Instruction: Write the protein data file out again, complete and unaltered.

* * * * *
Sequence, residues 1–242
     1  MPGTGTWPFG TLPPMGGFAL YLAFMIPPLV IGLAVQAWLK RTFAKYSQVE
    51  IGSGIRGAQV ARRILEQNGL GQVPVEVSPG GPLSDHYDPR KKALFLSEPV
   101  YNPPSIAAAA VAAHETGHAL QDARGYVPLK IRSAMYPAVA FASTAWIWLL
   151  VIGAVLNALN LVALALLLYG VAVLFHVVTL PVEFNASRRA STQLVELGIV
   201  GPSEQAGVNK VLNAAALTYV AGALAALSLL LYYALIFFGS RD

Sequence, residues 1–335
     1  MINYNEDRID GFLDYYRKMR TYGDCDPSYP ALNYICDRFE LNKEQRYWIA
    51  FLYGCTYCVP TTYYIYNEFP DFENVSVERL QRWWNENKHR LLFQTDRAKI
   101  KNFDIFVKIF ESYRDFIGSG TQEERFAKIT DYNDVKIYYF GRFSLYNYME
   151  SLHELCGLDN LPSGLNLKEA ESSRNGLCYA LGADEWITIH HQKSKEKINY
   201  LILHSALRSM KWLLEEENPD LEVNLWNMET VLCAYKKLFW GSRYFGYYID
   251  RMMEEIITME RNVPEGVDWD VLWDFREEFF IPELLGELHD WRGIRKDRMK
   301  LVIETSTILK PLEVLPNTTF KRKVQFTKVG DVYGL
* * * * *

Sequence, residues 1–242
     1  MPGTGTWPFG TLPPMGGFAL YLAFMIPPLV IGLAVQAWLK RTFAKYSQVE
    51  IGSGIRGAQV ARRILEQNGL GQVPVEVSPG GPLSDHYDPR KKALFLSEPV
   101  YNPPSIAAAA VAAHETGHAL QDARGYVPLK IRSAMYPAVA FASTAWIWLL
   151  VIGAVLNALN LVALALLLYG VAVLFHVVTL PVEFNASRRA STQLVELGIV
   201  GPSEQAGVNK VLNAAALTYV AGALAALSLL LYYALIFFGS RD

Sequence, residues 1–335
     1  MINYNEDRID GFLDYYRKMR TYGDCDPSYP ALNYICDRFE LNKEQRYWIA
    51  FLYGCTYCVP TTYYIYNEFP DFENVSVERL QRWWNENKHR LLFQTDRAKI
   101  KNFDIFVKIF ESYRDFIGSG TQEERFAKIT DYNDVKIYYF GRFSLYNYME
   151  SLHELCGLDN LPSGLNLKEA ESSRNGLCYA LGADEWITIH HQKSKEKINY
   201  LILHSALRSM KWLLEEENPD LEVNLWNMET VLCAYKKLFW GSRYFGYYID
   251  RMMEEIITME RNVPEGVDWD VLWDFREEFF IPELLGELHD WRGIRKDRMK
   301  LVIETSTILK PLEVLPNTTF KRKVQFTKVG DVYGL